I must say that, once I heard those two stories about "letting go," my first thoughts turned to the deadlock in Washington DC.  Intransigence on center stage!  The monkeys with their hands in separate jars grasping for treats that the others couldn't understand.  Unwilling to let go -- but willing to let the country go under -- because their "treats" were so wonderful (in their eyes). It seems that many of the legislators understand the risks they're taking, but, oh, the "treat", or prize, is SOOOO worth it.
      It is easy to point to the Washington circus, or to "like" various Facebook "status updates" that support our own point-of-view.*  But the stories of the two interviewees on the "Tapestry" show are clear examples that we only need to look in the mirror to see our own hands in the trap.  We all hold so tightly to possessions, habits, beliefs, etc., that we often are kept from living life fully, joyfully, lovingly.  And, for some reason, we are dead-set on trying to make everyone else agree with us!
      "Human nature", I suppose. We want security; we want certainty. But one thing that seems to be found throughout our religious traditions is a call to transcend that human nature, to be better than a creature that only seeks its own self-interest.  From Jesus' assertion that "to save one's life one must lose it", to the Buddha's advice, "If you see the Buddha on the road, kill him" we are counseled to examine those things that would limit us, that would entrap us. We are counseled, encouraged, exhorted, to let go.  The "treat" we receive may far exceed that which we're grasping.


Chaplain Gary

*By the way, how often DOES someone really update their status anymore, rather than share a video/news release opinion?

Friday, October 4, 2013

A long time ago . . .

       . . . in a univers(ity)* far, far away, there came a time of [reckoning].  I was serving on a committee at UC-Berkeley that was meeting to plan a student leadership conference.  It was our first meeting, and so it seemed appropriate to the student co-chairs that we do an ice-breaker.  Their choice:  "Mild or Spicy".  If you are new to the collegiate ice-breaker scene, this meant that each person chose "mild", "medium", or "spicy" (i.e., like salsa) -- in other words, the other members of the group got to ask questions of the subject that adhered to those categories.  So, if a person chose "mild," they might be asked, "What's your favorite color?" or "Where did you grow up?"  The "spicy" questions?  Well, you can imagine what might be asked in such a crowd.  The "medium" questions were somewhere in between.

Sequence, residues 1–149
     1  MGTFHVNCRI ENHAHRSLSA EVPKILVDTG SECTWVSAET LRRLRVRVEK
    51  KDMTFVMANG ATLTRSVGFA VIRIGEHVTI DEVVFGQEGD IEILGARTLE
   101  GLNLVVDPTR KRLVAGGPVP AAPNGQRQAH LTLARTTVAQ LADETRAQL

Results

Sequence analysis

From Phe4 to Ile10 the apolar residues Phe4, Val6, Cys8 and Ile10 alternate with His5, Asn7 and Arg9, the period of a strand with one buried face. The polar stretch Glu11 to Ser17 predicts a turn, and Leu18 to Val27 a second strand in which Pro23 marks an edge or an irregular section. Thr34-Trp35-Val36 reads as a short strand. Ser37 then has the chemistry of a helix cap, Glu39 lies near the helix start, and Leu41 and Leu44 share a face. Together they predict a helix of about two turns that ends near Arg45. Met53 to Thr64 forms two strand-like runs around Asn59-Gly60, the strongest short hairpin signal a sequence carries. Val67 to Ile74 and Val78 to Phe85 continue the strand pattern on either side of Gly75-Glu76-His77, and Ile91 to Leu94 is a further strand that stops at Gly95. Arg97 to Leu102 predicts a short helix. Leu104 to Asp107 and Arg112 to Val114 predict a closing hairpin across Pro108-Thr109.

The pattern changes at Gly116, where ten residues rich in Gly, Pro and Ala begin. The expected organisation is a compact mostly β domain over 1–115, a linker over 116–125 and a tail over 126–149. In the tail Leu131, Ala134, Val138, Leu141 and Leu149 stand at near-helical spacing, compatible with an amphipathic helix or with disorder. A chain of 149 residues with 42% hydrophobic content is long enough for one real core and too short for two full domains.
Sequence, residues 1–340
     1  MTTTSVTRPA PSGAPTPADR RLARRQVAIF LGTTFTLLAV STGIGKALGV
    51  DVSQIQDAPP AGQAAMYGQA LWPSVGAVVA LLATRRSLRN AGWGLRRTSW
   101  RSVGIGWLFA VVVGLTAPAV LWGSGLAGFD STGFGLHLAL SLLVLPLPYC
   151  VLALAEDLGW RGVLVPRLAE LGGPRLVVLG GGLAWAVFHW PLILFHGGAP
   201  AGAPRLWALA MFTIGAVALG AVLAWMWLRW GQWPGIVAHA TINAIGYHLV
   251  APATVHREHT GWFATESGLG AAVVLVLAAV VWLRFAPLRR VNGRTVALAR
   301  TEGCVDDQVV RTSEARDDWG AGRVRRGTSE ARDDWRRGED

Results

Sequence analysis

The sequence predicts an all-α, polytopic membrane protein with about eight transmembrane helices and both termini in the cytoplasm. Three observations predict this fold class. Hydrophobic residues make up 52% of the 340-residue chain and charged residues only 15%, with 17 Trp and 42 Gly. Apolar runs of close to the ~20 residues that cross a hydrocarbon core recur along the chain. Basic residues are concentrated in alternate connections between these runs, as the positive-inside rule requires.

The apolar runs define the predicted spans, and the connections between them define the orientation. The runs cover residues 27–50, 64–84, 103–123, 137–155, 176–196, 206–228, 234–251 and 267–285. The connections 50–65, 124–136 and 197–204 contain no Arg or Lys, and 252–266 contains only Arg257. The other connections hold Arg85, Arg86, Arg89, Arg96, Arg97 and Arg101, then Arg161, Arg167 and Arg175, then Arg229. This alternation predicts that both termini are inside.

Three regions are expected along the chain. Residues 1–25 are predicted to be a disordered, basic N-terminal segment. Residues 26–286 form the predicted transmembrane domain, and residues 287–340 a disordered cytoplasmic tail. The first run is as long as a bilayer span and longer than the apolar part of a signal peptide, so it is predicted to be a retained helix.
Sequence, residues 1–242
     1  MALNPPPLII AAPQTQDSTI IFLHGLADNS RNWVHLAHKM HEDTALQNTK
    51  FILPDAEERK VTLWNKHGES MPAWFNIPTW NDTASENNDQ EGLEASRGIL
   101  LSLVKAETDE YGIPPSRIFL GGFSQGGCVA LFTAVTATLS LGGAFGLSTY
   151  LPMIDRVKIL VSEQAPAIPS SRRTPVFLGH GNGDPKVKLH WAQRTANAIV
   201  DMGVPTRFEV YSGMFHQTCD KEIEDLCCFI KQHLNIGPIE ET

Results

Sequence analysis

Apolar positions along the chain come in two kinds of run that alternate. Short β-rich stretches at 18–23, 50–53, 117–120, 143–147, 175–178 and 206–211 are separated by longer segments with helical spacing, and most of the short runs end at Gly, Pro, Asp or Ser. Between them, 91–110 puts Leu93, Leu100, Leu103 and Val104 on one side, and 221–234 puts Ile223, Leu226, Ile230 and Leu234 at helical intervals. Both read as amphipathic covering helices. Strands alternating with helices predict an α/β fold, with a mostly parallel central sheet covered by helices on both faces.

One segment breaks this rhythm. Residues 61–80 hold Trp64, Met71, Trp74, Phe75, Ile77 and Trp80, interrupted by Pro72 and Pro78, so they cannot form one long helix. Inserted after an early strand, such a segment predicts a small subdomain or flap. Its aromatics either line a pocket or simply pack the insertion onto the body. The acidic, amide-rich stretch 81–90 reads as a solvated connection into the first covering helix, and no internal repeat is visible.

The chairs had allotted around 30 minutes for this exercise.  There were about fifteen of us, so that allowed two minutes apiece to be grilled.  As it turned out, I was the last in the rotation, sitting just to the left of the co-chair who started.  So, when it came to me, there remained only about 30 seconds to answer. I chose "spicy" -- just to put the students off-kilter (I was one of the only non-students there, and certainly the only one in a clerical collar).  After my declaration of "spicy", there was a deafening silence.  Finally a student, with whom I'd served before on a different committee, asked, "So why ARE you in the religion biz, anyway?"  We all laughed, and I said "In 30 seconds or less????"  Then, after a moment's thought, I responded, "It's the best way I've found of making meaning of life."  The questioner nodded like, "Okay, I'll accept that.", and the meeting continued.
       I tell this story relatively often; I may have even recounted in one of these meditation/reflections some years ago.  But I tell it because it helps open conversations about the other stories we know (either about us, or that appeal to us) that help us make sense of the world.  But more than simply make sense of the world -- they are stories that help us find meaning and purpose.
       The great religious stories of our traditions have "worked" for centuries because they function that way, that is, they help us find/make meaning.  They are true, yet they transcend "fact" (although many people might want to reduce them to that level -- either to "prove" or "dis-prove" their relevance in our "Just the facts, ma'am" world).  Of course, different traditions tell different stories to answer equivalent questions -- and the answers may not coincide.  In my opinion, that's okay.  They've stood the test of time, and so, have clearly provided answers, meaning, and hope to generations.